Ultrastructure of hypertensive rat aorta. Increased basement membrane-like material

J R Guyton, D T Dao, K L Lindsay, A A Taylor
1990 Hypertension  
To determine the effect of elevated blood pressure on the infrastructure of rat aorta, hypertension (average mean pressure 163 ±17 mm Hg) was produced by suprarenal aortic coarctation. After 3 weeks, the subendothelium of the hypertensive thoracic aorta showed significantly increased volume measurements for mononuclear leukocytes and basement membrane-like material compared with the sham-operated control group. Focal areas of rarefaction of the subendothelial extracellular material were
more » ... ed with the nearby presence of mononuclear leukocytes. None of these alterations were found in the normotensive abdominal aorta. The tunica media of hypertensive thoracic aorta also contained significantly increased basement membrane-like material. This new finding in an animal hypertension model is the direct result of the quantitative morphological approach employed in this study. In some rats, the partially constricting aortic ligature compromised the right renal artery leading to ischemic atrophy of the right kidney and hyperreninemia in addition to hypertension. In this group, excluded from the previous analysis and evaluated separately, subendothelial thickening and accumulation of basement membrane-like material in the thoracic aorta were greatly increased compared with the control group and other hypertensive rats. This result could not be attributed to an effect of blood pressure alone and might have been caused in part by humoral factors. Basement membrane accumulation appears to be an important early response of the arterial wall to hypertension or other factors in this rat model. (Hypertension 1990;15:56-67) T he effects of hypertension on the arterial wall include infiltration of the intima with mononuclear blood leukocytes, widening of the subendothelial space, and increase in collagen and elastin content of the tunica media. 1 " 10 Of these effects, leukocytic infiltration has been quantified by light microscopy, 6 -8 but only subendothelial widening has been quantified by ultrastructural morphology. 4 Furthermore, no quantitative estimates are available for the fractional contributions of a variety of component structures to widening of the subendothelial space. Within this space may be found mononuclear blood leukocytes, smooth muscle herniae and cysts, basement membrane-like material, and flocculent material possibly representing insudated plasma protein. 1 -8 A recently developed, microcomputerbased technique for locational stereology 1112 has the ability to quantify common and rare arterial intimal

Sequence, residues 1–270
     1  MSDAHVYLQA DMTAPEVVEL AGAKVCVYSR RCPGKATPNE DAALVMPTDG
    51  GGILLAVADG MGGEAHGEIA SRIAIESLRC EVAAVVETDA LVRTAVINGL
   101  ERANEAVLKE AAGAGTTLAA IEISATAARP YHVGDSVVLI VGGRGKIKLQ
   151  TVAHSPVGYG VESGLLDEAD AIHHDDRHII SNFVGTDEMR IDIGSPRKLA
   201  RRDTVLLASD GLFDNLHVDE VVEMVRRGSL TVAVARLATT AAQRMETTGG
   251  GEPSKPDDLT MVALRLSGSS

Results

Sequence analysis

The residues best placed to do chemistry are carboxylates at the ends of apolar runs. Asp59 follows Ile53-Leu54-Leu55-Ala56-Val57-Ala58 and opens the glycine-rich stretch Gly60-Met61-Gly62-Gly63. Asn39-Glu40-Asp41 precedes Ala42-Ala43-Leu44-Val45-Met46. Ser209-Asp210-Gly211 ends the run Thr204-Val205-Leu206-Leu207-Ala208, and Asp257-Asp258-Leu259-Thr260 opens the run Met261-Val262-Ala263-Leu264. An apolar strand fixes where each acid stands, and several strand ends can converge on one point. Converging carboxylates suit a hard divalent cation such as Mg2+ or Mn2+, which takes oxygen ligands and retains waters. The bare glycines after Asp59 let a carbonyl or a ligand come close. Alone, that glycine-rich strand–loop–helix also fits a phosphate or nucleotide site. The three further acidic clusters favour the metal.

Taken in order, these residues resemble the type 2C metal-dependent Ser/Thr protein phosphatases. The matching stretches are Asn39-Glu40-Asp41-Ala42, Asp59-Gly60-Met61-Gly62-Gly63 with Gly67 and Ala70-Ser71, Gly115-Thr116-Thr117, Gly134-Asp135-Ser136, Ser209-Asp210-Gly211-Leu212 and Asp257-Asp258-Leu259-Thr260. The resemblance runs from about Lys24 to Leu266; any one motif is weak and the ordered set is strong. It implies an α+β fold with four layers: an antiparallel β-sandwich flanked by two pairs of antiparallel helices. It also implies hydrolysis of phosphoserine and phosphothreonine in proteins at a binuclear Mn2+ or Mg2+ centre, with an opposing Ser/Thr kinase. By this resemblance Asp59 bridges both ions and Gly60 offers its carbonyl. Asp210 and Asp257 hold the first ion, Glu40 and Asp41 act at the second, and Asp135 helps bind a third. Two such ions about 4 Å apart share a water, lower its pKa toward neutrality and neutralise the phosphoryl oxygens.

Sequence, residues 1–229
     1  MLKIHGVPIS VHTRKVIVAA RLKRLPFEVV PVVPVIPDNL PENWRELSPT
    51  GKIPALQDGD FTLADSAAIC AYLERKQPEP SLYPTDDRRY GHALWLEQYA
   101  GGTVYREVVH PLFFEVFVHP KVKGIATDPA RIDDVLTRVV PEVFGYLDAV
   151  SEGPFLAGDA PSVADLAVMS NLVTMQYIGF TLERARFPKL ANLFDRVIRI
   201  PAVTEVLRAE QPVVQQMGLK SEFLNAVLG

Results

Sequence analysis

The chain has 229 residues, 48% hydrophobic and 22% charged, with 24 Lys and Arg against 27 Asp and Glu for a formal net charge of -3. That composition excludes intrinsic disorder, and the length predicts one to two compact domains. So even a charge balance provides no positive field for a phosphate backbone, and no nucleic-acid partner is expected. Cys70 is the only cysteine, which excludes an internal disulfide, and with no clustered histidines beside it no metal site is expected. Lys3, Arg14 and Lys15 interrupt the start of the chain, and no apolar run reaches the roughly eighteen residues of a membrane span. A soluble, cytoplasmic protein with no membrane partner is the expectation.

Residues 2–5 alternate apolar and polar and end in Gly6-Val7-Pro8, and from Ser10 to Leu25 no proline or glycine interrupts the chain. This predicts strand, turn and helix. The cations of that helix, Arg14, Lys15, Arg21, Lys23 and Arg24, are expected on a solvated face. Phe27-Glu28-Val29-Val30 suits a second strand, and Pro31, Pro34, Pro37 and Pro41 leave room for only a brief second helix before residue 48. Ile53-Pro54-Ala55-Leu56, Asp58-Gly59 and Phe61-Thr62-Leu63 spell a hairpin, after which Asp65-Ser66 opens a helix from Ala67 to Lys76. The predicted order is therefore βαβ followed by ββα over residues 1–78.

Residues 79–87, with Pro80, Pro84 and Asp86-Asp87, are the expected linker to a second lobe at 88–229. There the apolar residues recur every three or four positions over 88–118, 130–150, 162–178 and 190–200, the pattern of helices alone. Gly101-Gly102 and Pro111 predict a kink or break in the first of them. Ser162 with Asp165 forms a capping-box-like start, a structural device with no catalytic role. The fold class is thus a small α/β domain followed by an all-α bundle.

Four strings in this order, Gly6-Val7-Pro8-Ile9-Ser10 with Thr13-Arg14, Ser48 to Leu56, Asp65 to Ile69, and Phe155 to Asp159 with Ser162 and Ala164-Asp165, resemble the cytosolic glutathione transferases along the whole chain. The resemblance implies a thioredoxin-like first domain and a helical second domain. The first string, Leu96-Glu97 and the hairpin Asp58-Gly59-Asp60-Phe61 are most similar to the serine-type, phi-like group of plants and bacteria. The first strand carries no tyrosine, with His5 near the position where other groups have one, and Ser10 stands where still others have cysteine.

doi:10.1161/01.hyp.15.1.56 pmid:2295514 fatcat:ajvawctgazcdhom4ocxcjyvupq